Denver police's witness-description computer system under fire

Witness descriptions of criminal suspects are often overwritten in computer records to reflect the descriptions of suspects later taken into custody by police, a Denver detective testified recently.

Defense attorneys say the system’s flaws hide potentially exculpatory evidence, but the Denver Police Department denied that any evidence is intentionally overwritten or withheld.

Police spokesman Lt. Matt Murray on Tuesday said the detective who testified misunderstood how the computer record system works, and Murray promised a department-wide refresher course on how to take and preserve witness statements.

“We have some inconsistencies we need to address in the department. We’re clearly not doing it right all the time,” Murray said. “It’s an officer’s duty to report their observations. We feel strongly about getting that right.”

Murray couldn’t say how frequently such problems may occur.

Some defense attorneys believe these mistakes are intentional.

Inaccurate or incomplete information from police, they say, affects a prosecutor’s ability to determine whether to pursue charges and the ability of the accused to build effective defenses.

“Their method is completely flawed,” said Michael Sheehan, a Denver defense attorney. “Who knows how many people’s due-process rights have been violated?”

He said he discovered the discrepancies “by accident” during a trial in December — and quickly became alarmed.

Sheehan was representing 25-year-old Marcus Montoya in an Arapahoe County burglary case.

Prosecutors brought up Montoya’s conviction — along with two other men — in a 2009 burglary in Denver, intending to show a criminal pattern.

In that case, a Denver woman told police she caught a brief glimpse of three Hispanic men as they fled her home after a break-in.

At trial, Sheehan questioned Denver Detective Robin Gray and discovered the victim’s original description of the three suspects had vanished from his 2009 police report.

But after further investigation by prosecutors and Sheehan, the Denver woman’s original description came to light.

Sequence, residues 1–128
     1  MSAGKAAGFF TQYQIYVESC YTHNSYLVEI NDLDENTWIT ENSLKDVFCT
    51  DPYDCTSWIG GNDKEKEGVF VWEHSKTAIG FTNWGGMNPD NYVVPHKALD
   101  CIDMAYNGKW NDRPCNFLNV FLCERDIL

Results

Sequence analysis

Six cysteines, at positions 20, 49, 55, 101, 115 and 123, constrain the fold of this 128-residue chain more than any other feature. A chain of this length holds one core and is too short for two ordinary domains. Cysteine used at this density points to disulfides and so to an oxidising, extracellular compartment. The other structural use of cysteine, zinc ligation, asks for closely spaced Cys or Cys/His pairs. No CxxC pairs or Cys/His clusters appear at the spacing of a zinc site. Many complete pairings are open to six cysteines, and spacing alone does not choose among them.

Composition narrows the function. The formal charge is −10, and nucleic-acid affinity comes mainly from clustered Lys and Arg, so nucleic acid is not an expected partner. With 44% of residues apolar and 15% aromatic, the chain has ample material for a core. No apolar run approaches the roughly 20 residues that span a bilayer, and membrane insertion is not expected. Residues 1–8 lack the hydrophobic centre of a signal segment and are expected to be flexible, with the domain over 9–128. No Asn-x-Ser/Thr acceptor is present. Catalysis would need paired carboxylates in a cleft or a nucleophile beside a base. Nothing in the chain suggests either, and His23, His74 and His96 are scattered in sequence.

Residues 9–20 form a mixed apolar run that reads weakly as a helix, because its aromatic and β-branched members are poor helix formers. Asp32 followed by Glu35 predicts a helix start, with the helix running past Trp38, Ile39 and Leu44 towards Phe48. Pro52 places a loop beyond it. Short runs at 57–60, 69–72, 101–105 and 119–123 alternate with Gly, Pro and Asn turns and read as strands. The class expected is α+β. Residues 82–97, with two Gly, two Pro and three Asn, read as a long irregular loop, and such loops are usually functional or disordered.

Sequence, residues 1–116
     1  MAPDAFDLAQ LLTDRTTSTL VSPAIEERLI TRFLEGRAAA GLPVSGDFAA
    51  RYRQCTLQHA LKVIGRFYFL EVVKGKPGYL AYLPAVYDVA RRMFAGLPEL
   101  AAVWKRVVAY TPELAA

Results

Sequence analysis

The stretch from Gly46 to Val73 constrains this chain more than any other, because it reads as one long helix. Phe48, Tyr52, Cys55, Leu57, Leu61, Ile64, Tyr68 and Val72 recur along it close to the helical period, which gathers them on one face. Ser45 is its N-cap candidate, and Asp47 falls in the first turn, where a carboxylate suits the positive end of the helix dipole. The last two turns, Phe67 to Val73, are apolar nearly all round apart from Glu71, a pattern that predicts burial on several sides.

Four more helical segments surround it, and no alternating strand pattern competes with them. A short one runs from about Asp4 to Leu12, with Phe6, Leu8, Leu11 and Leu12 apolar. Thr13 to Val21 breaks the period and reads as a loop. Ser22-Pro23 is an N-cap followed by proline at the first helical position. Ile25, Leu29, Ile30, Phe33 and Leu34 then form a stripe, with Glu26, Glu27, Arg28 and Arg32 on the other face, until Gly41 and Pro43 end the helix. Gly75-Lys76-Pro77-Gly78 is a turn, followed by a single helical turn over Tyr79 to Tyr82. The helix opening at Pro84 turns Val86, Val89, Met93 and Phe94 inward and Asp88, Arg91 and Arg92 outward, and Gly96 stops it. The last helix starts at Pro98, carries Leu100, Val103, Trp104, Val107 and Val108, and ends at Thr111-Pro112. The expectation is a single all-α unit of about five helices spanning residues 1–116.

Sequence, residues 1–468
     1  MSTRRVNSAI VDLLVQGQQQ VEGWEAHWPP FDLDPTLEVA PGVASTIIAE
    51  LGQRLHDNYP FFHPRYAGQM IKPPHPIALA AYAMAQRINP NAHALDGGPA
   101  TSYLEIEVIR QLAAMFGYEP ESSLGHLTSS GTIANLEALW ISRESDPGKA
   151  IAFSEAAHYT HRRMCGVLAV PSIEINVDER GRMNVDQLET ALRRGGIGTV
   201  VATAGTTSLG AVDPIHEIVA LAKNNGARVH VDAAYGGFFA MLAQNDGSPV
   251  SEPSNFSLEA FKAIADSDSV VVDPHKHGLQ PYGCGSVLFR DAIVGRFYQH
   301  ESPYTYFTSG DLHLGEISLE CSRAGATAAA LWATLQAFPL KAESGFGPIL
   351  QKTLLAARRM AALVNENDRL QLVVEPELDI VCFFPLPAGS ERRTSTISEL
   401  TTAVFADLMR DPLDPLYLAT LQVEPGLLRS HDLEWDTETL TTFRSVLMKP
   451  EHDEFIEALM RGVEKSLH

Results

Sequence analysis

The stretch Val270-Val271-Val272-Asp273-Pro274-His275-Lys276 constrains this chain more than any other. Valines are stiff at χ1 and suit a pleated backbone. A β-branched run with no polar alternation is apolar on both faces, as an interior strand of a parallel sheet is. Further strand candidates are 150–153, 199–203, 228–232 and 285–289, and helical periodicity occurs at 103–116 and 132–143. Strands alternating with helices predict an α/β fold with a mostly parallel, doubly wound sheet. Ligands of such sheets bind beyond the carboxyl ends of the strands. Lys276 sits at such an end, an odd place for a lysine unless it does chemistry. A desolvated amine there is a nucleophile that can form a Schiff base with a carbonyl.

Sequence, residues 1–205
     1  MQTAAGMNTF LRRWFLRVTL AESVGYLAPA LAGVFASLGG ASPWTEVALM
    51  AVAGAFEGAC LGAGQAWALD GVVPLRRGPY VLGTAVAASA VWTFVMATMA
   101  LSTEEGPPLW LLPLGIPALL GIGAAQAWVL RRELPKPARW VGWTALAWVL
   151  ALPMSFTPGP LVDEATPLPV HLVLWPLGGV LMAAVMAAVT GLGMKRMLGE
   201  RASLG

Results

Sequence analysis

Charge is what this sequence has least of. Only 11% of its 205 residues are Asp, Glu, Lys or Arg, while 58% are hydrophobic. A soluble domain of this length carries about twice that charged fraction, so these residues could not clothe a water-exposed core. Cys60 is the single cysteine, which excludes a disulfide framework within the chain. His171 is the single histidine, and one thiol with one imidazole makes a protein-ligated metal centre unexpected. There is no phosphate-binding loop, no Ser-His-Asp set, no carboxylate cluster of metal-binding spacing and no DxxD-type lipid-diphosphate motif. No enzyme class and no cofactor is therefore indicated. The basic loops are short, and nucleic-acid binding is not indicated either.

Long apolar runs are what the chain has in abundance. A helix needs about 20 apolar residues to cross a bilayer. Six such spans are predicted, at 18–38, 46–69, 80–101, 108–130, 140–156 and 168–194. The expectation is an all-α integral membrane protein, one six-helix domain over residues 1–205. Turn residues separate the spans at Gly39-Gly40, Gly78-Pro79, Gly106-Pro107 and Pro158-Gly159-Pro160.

The discovery of the missing evidence resulted in a mistrial. Montoya, already imprisoned on an unrelated charge, has since struck a plea agreement, resulting in no additional prison time.

“It was exculpatory. She said, ‘The guy I saw was Mexican,’ ” Sheehan said. “His last name is Montoya, but he looks like a typical white guy.”

On the witness stand, Gray described a 5-year-old electronic report system in which witnesses’ first-blush descriptions are routinely overwritten to reflect descriptions of the suspects police later take into custody.

“Obviously, we are going through some growing pains and still have problems,” Gray said, according to court transcripts. “Once the detective gets it, as information is updated and clarified and verified, then the information … in that computer system gets changed and updated and verified.”

Gray at first said there was no way to track those changes. He later told investigators that the department’s Information Management Unit had never before tried to access and export logs of changes.

Murray said that may have been Gray’s understanding of the VersaDex system, but it’s not accurate.

When a detective edits a report, VersaDex generates a somewhat cryptic log — Sheehan described it as “gibberish” — noting who made the change, when the change was made and what the original entry indicated.

Those reports should be turned over to attorneys prosecuting and defending cases, although Murray admitted this isn’t always the case.

Officers also should avoid losing original suspect descriptions by writing them into the narrative section of reports, which are less likely to be changed, Murray said.

Gray indicated in court that he understood department policy to be the opposite.

“In this case, there was a training issue,” Murray said.

Civil-rights attorney David Lane said he plans to take a look at the situation. He doesn’t believe a training issue is to blame and threatened litigation.

“These guys aren’t stupid. They understand how the system works,” Lane said. “When a cop falsifies police reports, it’s a crime. If we can make a case against the Denver Police Department on this, I will go after them as hard as I can.”


Source: The Denver Post, “Denver police’s witness-description computer system under fire,” by Jessica Fender, February 15, 2012.